There's something fascinating about those kids who ate laundry soap as part of a weird “challenge,” or people who deliberately loiter on the steps with the “no loitering” sign. These are strange things to want to do—what are people getting out of them?
What can neuroscience tell us about novels, poems, and plays? Can fiction help us develop real-world cognitive skills? And can writers exploit our mental weaknesses—for our own good? These are some of the questions we'll be asking on this week’s episode.
What’s the latest scientific insight about unconscious beliefs, desires, and motivations? Do contemporary experimental psychologists do any better than Freud? Could anyone do worse? On this week’s show we’re asking: What has replaced Freud?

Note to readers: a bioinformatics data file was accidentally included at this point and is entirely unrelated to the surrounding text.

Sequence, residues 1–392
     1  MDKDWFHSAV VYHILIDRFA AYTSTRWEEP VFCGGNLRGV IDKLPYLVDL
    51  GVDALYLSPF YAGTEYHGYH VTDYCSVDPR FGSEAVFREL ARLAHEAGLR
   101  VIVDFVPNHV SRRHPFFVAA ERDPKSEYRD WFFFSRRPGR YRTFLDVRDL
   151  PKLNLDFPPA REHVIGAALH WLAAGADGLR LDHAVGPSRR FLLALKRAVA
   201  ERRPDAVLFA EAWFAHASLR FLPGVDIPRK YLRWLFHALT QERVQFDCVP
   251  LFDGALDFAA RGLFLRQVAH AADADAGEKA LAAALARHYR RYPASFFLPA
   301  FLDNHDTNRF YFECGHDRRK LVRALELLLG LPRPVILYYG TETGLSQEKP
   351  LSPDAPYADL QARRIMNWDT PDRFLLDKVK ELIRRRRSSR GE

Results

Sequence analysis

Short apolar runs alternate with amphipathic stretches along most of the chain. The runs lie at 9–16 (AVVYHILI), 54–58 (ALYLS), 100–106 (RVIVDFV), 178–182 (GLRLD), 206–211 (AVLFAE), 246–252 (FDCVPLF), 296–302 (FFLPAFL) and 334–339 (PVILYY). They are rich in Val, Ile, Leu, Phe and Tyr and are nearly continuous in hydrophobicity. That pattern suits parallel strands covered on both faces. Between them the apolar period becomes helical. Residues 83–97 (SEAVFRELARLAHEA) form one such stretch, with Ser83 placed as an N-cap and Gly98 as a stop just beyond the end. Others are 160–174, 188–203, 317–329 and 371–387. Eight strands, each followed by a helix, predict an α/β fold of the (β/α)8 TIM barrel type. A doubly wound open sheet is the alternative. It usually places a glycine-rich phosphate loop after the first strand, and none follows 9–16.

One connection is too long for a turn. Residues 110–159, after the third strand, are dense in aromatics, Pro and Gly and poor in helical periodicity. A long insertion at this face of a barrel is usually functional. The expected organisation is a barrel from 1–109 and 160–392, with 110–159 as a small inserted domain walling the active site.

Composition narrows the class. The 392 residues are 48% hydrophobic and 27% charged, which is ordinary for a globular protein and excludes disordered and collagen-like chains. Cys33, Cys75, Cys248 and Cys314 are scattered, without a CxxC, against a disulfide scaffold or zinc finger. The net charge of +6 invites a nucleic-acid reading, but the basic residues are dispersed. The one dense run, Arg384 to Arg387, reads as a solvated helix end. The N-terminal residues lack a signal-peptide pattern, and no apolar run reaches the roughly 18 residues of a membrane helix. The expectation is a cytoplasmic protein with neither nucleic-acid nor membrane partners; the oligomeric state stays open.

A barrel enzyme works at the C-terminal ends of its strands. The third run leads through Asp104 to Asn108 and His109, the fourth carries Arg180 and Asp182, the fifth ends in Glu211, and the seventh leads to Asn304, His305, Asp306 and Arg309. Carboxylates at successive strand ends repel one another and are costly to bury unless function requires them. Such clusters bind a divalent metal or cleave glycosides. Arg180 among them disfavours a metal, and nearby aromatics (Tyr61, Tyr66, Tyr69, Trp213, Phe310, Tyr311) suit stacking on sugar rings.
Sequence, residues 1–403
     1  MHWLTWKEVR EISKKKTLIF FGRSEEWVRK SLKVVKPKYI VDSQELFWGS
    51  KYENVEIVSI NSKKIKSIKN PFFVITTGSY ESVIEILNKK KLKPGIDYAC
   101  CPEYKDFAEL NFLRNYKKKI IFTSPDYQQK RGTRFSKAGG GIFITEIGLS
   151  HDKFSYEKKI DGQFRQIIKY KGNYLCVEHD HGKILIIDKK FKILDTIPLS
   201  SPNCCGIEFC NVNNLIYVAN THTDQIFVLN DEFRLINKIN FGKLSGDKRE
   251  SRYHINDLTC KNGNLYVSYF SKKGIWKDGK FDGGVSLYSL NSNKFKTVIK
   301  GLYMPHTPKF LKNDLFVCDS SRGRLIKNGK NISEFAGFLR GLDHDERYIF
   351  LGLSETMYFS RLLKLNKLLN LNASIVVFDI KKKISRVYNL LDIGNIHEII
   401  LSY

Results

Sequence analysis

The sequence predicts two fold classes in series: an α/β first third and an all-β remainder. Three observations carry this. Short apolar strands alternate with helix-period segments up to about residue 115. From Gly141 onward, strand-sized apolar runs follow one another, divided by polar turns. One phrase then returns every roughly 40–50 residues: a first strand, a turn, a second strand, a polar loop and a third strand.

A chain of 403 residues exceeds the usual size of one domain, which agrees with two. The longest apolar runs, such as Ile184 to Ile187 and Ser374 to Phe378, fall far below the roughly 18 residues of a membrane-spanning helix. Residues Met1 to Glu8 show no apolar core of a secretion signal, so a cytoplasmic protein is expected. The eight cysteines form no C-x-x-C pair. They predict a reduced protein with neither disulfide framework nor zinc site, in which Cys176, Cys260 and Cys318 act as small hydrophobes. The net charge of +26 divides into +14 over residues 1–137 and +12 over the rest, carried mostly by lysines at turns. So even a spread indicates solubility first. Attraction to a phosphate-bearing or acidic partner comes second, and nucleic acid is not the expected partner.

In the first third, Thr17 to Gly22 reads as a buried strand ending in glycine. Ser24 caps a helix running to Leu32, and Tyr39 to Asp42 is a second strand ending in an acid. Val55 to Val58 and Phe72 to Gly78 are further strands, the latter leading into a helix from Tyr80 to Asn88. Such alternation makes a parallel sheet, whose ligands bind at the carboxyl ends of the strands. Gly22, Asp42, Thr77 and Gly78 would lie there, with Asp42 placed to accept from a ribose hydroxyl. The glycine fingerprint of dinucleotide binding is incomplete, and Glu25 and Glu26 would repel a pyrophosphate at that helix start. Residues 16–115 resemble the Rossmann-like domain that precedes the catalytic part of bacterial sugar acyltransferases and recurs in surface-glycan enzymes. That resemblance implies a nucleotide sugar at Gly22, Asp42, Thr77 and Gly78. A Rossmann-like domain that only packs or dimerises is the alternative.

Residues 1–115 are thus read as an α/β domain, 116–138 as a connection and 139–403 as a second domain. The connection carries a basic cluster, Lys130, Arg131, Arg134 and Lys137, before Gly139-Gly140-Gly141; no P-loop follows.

If you repeat something often enough, people are more likely to believe it. That's a phenomenon called the illusory truth effect. It can happen with smart people, and even when the statement is already known to be false. So why does repeating something make people more likely to believe it?
Continuing my series of puzzles to distract you from the current crisis, this month I'm asking: What is an identity? I mean the kind of identity that makes you a member of a certain social group (call these collective identities, social identities, or group identities), though that’s a rough characterization.